One hundred years after a Leeds explorer joined Captain Scott on an ill-fated expedition to the South Pole, another of the city’s sons has pulled on his crampons in the ‘Spirit of Scott’.
Naval officer Rob Tristram, 29, from Roundhay, is one of just 24 British serving officers taking part in a two-month scientific exploration of some of the remotest parts of the Antarctic, which is currently under way.
Together they are investigating climate change as part of the British Services Antarctic Expedition 2012 (BSAE), at the Antarctic Peninsula, which is warming faster than anywhere else on the planet.
Unlike other expeditions seeking to follow in Scott’s footsteps in 2012, the BSAE is travelling in the ‘Spirit of Scott’, but not in his tracks.
Lt Tristram, pictured above, front, has been training for the assignment for the last two years.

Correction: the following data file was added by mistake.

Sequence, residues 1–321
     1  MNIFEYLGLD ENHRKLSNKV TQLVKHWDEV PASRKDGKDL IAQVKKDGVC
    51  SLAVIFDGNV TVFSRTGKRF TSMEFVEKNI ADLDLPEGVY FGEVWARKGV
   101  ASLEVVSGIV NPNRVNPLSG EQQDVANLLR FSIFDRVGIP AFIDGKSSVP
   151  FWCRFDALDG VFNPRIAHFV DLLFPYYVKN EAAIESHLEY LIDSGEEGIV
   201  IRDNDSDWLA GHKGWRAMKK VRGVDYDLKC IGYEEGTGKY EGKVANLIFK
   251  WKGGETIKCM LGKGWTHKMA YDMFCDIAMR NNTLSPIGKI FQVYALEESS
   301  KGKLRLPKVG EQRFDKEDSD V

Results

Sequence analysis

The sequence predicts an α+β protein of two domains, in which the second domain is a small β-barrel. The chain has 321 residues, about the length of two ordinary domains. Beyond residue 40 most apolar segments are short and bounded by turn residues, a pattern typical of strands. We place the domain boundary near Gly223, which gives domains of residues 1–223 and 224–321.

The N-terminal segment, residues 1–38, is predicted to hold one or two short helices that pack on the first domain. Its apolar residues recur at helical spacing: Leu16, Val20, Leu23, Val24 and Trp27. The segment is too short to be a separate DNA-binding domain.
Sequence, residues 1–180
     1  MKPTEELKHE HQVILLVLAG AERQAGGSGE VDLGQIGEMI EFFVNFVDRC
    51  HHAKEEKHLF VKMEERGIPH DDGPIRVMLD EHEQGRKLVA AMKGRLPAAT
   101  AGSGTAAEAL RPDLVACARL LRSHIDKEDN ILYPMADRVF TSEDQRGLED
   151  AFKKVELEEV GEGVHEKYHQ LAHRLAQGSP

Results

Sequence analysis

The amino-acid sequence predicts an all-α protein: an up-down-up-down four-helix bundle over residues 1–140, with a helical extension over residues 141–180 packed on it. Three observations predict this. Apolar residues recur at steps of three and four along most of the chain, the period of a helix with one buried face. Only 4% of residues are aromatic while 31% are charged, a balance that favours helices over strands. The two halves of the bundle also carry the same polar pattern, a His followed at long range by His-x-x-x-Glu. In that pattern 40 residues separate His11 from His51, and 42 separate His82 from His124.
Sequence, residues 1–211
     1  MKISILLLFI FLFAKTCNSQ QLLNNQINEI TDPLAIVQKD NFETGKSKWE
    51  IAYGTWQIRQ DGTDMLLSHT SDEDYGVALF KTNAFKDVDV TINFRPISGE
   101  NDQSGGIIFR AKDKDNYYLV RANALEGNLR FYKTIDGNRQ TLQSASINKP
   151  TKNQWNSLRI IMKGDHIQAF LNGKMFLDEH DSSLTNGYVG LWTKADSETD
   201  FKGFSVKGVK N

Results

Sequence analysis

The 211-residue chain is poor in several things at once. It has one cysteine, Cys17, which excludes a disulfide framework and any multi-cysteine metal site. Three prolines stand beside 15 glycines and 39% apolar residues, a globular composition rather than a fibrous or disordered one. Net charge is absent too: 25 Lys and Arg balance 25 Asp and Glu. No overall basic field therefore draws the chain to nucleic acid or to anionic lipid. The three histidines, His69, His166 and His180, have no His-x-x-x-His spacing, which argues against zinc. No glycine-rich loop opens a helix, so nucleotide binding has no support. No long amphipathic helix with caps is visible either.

He was inspired by Captain Lawrence Oates, who for a time lived in Meanwood.
Oates famously walked into a blizzard to his death, after his own ill health began compromising his companions’ chances of survival on the Antarctic Terra Nova Expedition, led by Captain Robert Scott.
In an email to the YEP, Lt Tristram, who is part of the BSAE Green team, wrote: “I’ve just got back from the mountains to the support boat following a week [pulling sledges].
“The weather has been very changeable. Yesterday we made it to the Avery Plateau 1500 meters up. It was about -25C and I had frost in my beard for the first time.
“At sea level it can feel quite warm in the sun but as soon as a cloud comes over then the temperature drops really fast. It can be exceptionally cold even though it is summer here.
“Blue team are now on the plateau having been launched up there by Green team – their science is detailed on the website.
“Red and Green team are exploring; we have a team on a peak as I type this.
“Spirits are high and we have really good food which helps.”
Follow the BSAE as they make history online at: www.bsae2012.co.uk/blog.html